6. But what then has the Church of God to do, that it may be able to understand what it has first obtained s grace to believe? It must make the mind capacious for receiving what shall be given it. And that this may be done, that the mind, that is, may be capacious, our Lord God suspends His promises, He has not taken them away. Therefore does He suspend them, that we may stretch out ourselves; and therefore do we stretch ourselves out, that we may grow; and therefore do we grow, that we may reach them. Behold the Apostle Paul stretching himself out unto these suspended promises: "Not as though I had already attained, either were already perfect. Brethren, I count not myself to have apprehended: but this one thing I do; forgetting those things which are behind, and stretching forth unto those things which are before, I press earnestly toward the mark for the prize of the high calling of God in Christ Jesus." He was running on the earth; the prize hung suspended from heaven. He ran then on the earth; but in spirit he ascended. Behold him thus stretching himself out, behold him hanging forth after the suspended prize. "I press on," he says, "for the prize of the high calling of God in Christ Jesus."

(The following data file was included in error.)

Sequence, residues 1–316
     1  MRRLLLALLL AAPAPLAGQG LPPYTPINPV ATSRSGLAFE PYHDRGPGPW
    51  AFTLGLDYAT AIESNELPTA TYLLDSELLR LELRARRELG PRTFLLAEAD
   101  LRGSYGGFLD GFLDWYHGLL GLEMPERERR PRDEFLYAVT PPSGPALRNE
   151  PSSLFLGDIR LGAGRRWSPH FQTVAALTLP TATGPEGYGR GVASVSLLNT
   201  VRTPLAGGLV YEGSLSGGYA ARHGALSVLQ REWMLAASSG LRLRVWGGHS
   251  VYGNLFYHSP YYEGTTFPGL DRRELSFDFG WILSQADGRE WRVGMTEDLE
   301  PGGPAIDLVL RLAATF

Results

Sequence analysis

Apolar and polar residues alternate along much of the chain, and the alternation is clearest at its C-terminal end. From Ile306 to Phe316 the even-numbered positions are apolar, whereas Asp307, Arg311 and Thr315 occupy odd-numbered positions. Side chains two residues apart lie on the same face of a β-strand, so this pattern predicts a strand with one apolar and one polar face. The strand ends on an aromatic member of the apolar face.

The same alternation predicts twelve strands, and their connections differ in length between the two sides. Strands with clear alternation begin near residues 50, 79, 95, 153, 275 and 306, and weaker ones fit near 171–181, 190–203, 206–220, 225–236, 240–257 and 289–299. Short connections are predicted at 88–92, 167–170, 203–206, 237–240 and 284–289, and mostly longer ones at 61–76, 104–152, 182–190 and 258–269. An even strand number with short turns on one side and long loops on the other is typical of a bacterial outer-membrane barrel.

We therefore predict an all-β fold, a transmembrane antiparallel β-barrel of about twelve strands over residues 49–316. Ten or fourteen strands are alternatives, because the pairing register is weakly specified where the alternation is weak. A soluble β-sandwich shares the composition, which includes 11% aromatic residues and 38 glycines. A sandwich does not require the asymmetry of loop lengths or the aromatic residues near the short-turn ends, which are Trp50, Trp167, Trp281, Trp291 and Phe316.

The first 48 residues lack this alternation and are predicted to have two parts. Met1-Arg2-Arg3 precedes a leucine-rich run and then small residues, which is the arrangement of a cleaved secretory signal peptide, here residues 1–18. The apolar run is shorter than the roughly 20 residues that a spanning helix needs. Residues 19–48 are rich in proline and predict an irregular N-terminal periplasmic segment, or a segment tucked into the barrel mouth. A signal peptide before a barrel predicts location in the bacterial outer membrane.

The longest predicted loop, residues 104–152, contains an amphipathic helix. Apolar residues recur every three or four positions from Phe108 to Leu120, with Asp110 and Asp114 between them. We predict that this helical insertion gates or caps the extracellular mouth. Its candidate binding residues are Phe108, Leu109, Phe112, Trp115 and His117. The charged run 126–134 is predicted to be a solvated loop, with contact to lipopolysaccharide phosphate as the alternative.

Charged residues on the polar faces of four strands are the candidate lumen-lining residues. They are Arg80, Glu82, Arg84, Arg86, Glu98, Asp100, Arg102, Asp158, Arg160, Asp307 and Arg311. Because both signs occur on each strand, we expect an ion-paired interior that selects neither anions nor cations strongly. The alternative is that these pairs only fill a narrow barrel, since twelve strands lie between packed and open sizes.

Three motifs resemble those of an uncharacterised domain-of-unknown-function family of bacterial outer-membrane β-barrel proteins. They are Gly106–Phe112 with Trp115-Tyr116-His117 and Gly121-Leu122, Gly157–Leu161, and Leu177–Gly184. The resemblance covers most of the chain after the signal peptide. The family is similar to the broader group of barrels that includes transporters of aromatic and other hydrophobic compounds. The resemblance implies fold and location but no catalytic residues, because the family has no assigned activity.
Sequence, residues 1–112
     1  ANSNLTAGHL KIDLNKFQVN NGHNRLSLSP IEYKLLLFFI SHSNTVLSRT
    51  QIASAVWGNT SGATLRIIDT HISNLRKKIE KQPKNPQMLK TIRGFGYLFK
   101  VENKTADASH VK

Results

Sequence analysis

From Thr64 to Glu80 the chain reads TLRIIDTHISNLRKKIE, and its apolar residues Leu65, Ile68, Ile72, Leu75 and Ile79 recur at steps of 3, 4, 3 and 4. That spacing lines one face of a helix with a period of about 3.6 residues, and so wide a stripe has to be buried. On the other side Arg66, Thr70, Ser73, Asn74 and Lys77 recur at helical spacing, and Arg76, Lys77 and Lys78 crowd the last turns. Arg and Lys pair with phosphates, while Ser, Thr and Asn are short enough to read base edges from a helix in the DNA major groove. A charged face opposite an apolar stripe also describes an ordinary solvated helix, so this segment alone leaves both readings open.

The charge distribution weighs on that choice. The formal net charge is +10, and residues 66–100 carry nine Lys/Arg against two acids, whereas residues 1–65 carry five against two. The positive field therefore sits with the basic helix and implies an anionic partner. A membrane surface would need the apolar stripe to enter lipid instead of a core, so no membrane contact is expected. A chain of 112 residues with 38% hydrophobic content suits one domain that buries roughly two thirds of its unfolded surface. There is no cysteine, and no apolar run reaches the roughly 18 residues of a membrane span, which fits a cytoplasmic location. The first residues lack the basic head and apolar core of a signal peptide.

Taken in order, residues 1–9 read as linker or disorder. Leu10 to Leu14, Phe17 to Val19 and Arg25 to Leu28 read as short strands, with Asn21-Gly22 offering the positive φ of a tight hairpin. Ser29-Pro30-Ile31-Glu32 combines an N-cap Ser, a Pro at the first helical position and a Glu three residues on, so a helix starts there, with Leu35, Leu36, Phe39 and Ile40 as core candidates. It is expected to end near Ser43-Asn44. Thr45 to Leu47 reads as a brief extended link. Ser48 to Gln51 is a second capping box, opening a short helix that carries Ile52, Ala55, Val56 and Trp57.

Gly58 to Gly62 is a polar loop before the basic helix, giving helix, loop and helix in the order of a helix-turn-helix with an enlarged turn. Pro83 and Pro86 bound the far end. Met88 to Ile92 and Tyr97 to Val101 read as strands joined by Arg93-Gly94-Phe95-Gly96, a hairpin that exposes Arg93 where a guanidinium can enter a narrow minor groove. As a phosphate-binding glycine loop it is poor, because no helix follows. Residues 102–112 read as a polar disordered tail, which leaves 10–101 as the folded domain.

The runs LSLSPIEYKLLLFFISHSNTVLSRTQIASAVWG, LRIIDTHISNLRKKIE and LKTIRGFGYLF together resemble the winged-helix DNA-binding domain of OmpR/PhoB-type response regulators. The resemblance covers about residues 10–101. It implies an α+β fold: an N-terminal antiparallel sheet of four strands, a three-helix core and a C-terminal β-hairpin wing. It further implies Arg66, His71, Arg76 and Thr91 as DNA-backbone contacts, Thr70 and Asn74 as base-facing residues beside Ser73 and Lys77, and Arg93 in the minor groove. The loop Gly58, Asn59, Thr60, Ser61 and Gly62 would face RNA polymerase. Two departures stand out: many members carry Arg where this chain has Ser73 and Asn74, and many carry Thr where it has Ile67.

7. We must journey on then, yet for this no need of anointing the feet, or looking out for beasts, or providing a vessel. Run with the heart's affection, journey on with. love, ascend by charity. Why seekest thou for the way? Cleave unto Christ, who by Descending and Ascending hath made Himself the Way. Dost thou wish to ascend? Hold fast to Him that ascendeth. For by thine own self thou canst not rise. "For no man hath ascended up to heaven, but He that came down from heaven, even the Son of Man which is in heaven." If no one ascendeth but He that descended, that is, the Son of Man, our Lord Jesus, dost thou wish to ascend also? Be then a member of Him who Only hath ascended. For He the Head, with all the members, is but One Man. And since no one can ascend, but he who in His Body is made a member of Him; that is fulfilled, "that no man hath ascended, but He that descended." For thou canst not say," Lo, why hath Peter, for instance, ascended, why hath Paul ascended, why have the Apostles ascended, if no one hath ascended, but He that descended?" The answer to this is, "What do Peter, and Paul, and the rest of the Apostles, and all the faithful, what do they hear from the Apostle? 'Now ye are the Body of Christ, and members in particular.' If then the Body of Christ and His members belong to One, do not thou make two of them. For He left 'father and mother, and clave to his wife, that two might be one flesh.' He left His Father, in that here He did not show Himself as equal with the Father; but 'emptied Himself, taking the form of a servant.' He left His mother also, the synagogue of which He was born after the flesh. He clave to His Wife, that is, to His Church. Now in the place where Christ Himself brought forward this testimony, He showed that the marriage bond might not be dissolved: 'Have ye not read,' said He, 'that God which made them at the beginning, made them male and female; and said, They twain shall be in one flesh? What therefore God hath joined together, let not man put asunder.' And what is the meaning of 'They twain shall be in one flesh'? He goes on to say; 'Wherefore they are no more twain but one flesh.' Thus 'no man hath ascended, but He that descended.'"